“Doing nothing is better than being busy doing nothing.” – Lao Tzu
It is difficult to be mindful when your mind is racing a mile a minute, when your emotions feel chaotic, or when your heart is racing out of control. All of these experiences share a common element… they are all happening quickly. You are much more likely to make careless mistakes, overlook important facts, and make interpersonal blunders when your internal state of affairs is hurried and out of control. Sometimes you may not even be aware of how “fast” you are really moving until someone close to you points it out. This is often a sure sign that you are being decidedly unmindful.
The first step toward slowing down and becoming more mindful is noticing that you are rushing. Perhaps the awareness that you need to slow down comes from feeling your heart racing, noticing yourself making clumsy errors, or feeling strangely detached from yourself. Do you notice your knee bouncing up and down as you hurriedly struggle to complete tasks? While your desire to get things done can certainly be a great strength, it is important to recognize that for many of us (myself included!), this desire to “get it done” often results in unnecessary oversights or errors. When this happens, it ends up taking more time to actually complete the task.
How to Slow Down & Become Mindful
4 Simple Tips for Slowing Down:
Double the Time You Think it Will Take to Complete a Task
How often do you actually finish a task or project in precisely the amount of time that you set aside for yourself? For many people, this rarely happens. When you allow yourself more time by planning accordingly, you provide yourself with more psychological “space” to go about your work in a more methodical and mindful way.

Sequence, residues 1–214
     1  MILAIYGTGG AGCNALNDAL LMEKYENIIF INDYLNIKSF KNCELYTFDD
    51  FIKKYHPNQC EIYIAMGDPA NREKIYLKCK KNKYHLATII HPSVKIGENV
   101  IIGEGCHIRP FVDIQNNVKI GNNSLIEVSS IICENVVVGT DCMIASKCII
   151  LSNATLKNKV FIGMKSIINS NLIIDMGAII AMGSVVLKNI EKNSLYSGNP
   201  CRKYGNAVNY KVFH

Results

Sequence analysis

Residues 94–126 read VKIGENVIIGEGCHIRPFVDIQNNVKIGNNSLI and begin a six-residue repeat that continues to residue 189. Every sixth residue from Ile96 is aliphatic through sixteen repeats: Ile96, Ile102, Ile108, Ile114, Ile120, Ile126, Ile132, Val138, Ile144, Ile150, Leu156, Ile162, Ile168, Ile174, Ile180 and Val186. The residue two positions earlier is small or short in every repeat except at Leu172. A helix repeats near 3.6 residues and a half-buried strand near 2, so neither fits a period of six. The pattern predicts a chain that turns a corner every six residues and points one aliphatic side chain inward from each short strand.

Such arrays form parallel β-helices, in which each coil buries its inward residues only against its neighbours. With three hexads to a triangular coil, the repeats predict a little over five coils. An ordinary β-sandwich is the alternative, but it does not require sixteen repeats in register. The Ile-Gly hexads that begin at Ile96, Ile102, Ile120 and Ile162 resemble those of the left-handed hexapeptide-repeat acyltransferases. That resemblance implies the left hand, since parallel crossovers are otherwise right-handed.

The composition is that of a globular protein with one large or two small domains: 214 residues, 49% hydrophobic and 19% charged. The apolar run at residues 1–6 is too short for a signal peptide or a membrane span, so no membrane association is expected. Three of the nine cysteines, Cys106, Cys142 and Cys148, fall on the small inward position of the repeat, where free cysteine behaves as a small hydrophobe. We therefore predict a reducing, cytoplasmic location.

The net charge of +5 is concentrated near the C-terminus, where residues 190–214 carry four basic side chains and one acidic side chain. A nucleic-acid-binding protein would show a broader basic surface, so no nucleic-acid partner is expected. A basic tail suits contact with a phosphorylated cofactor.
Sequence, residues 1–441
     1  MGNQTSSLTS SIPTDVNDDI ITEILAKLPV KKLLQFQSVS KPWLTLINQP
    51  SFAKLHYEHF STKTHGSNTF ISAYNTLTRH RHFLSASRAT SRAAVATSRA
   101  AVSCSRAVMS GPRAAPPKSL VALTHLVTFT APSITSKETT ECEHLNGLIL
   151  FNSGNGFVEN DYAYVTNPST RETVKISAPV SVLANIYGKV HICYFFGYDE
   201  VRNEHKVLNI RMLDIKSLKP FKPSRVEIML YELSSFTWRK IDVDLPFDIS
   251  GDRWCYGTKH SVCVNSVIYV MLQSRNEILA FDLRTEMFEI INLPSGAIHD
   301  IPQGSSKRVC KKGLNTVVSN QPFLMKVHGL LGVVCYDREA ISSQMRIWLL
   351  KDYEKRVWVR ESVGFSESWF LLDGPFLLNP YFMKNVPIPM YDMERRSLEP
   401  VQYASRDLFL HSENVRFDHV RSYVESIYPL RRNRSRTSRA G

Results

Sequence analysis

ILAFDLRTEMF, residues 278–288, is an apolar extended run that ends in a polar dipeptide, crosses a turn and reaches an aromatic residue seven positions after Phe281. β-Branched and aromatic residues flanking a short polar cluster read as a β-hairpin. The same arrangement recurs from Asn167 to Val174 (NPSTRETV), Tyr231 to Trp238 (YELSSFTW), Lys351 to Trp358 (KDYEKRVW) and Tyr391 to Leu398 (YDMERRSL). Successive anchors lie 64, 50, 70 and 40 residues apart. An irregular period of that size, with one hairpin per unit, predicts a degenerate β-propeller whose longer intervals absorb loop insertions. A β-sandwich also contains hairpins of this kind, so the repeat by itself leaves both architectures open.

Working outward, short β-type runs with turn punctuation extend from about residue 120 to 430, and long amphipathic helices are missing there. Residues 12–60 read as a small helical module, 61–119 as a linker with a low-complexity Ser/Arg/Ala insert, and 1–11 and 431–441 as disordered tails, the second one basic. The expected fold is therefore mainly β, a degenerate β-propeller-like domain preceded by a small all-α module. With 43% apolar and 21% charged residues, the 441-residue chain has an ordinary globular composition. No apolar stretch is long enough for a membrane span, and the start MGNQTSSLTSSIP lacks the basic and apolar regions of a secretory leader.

When you feel rushed to complete a task during the one day, week, or month that you set aside, there may be a sense of urgency that results in you rushing through important steps, cutting corners, or making careless mistakes. Simply giving yourself more space to “breathe” (without procrastinating) is a way to set the stage for going about your work with greater mindfulness.
Consciously Perform Tasks in Slow Motion
This might sound silly, but forcing yourself to physically move more slowly is an easy way to flex your willpower muscle. Research suggests that willpower can be actively strengthened through engaging in tasks more slowly and in different ways than we are used to doing them. For example, brushing your teeth with your non-dominant hand actually boosts willpower over time.
Observe yourself in this moment with mindful awareness. Whatever you are “doing,” slow it down by at least 25%. If you are hurriedly reading along, slow down. In your knee is bouncing up and down, bring your awareness to it and allow it to calm down. If you are tapping your fingers on the table, notice this and allow them to relax. Physically slow yourself down and allow your thoughts and emotions to slow down as well.
Stimulate Your Parasympathetic Nervous System
Your autonomic nervous system serves the function of regulating many of your bodily systems and functions without your conscious awareness (e.g., your heart beats without you telling it to do so, you continue to breathe while you are asleep). Two of its three branches are the sympathetic nervous system and the parasympathetic nervous system.
When your sympathetic nervous system becomes aroused, it activates your bodily processes for “fight or flight.” This serves an incredibly useful adaptive function. Have you ever started to change lanes while driving only to see a car nearby and feel a sudden and powerful bodily rush of adrenaline? This prepares you to take swift action. In contrast, when the parasympathetic nervous system is aroused, it activates a mental and physical experience of calm and relaxation.